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The Rainbow Fish Hardcover – May, 2001


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Hardcover, May, 2001
$17.84 $17.84
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Product Details

  • Hardcover
  • Publisher: Galison Books; Pzzl edition (May 2001)
  • Language: English
  • ISBN-10: 1561553697
  • ISBN-13: 978-1561553693
  • Product Dimensions: 8.3 x 5.4 x 0.9 inches
  • Shipping Weight: 8.8 ounces
  • Average Customer Review: 3.5 out of 5 stars  See all reviews (433 customer reviews)
  • Amazon Best Sellers Rank: #1,501,093 in Books (See Top 100 in Books)

Editorial Reviews

Amazon.com Review

If you read this very popular book just before bed, and the light is still on in the hallway, you can make the rainbow scales glitter on the page, and realize why the Rainbow Fish was so proud of his beautiful decoration. Sometimes, though, being too proud of outside beauty can blind a fish, or a child (or even, heaven forbid, a parent) to the beauty people hold inside. That's the lesson of this simple tale, imported from Switzerland. It's a useful one for future sneaker and designer clothing shoppers, for rainbow fish--and for quieter, plainer minnows, too. --This text refers to an out of print or unavailable edition of this title.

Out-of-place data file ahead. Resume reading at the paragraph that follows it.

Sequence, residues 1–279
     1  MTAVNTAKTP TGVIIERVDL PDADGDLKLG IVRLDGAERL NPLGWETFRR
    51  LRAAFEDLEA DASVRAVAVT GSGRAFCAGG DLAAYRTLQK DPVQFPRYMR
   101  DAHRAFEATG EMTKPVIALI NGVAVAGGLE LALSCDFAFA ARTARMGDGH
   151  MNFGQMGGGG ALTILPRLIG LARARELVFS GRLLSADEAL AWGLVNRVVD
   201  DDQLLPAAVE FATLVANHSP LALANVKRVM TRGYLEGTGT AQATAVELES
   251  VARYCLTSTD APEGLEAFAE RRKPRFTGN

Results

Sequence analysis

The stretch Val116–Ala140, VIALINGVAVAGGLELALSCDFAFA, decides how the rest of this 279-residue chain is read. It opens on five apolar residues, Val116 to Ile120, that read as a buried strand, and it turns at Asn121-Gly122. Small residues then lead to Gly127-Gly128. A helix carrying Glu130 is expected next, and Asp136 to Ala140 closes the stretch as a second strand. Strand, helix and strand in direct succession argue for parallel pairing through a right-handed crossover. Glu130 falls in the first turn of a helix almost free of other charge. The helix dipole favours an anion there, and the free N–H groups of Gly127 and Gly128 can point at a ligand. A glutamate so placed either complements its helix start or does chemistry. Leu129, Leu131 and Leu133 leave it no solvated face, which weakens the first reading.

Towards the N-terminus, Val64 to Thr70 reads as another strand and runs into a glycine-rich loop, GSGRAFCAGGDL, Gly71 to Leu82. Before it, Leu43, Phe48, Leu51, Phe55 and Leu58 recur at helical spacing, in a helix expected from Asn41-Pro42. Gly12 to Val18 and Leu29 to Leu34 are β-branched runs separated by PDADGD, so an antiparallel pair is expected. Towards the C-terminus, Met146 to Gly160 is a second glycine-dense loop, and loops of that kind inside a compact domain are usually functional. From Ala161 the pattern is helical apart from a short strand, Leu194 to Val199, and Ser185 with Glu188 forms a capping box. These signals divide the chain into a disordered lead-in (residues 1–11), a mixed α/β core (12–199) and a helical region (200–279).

From Publishers Weekly

Despite some jazzy special effects achieved with shimmery holographs, this cautionary tale about selfishness and vanity has trouble staying afloat. Rainbow Fish, "the most beautiful fish in the entire ocean," refuses to share his prized iridescent scales--which, indeed, flash and sparkle like prisms as each page is turned. When his greed leaves him without friends or admirers, the lonely fish seeks advice from the wise octopus, who counsels him to give away his beauty and "discover how to be happy." The translation from the original German text doesn't enhance the story's predictable plot, and lapses into somewhat vague descriptions: after sharing a single scale, "a rather peculiar feeling came over Rainbow Fish." Deep purples, blues and greens bleed together in Pfister's liquid watercolors; unfortunately, the watery effect is abruptly interrupted by a few stark white, text-only pages. Ages 4-8.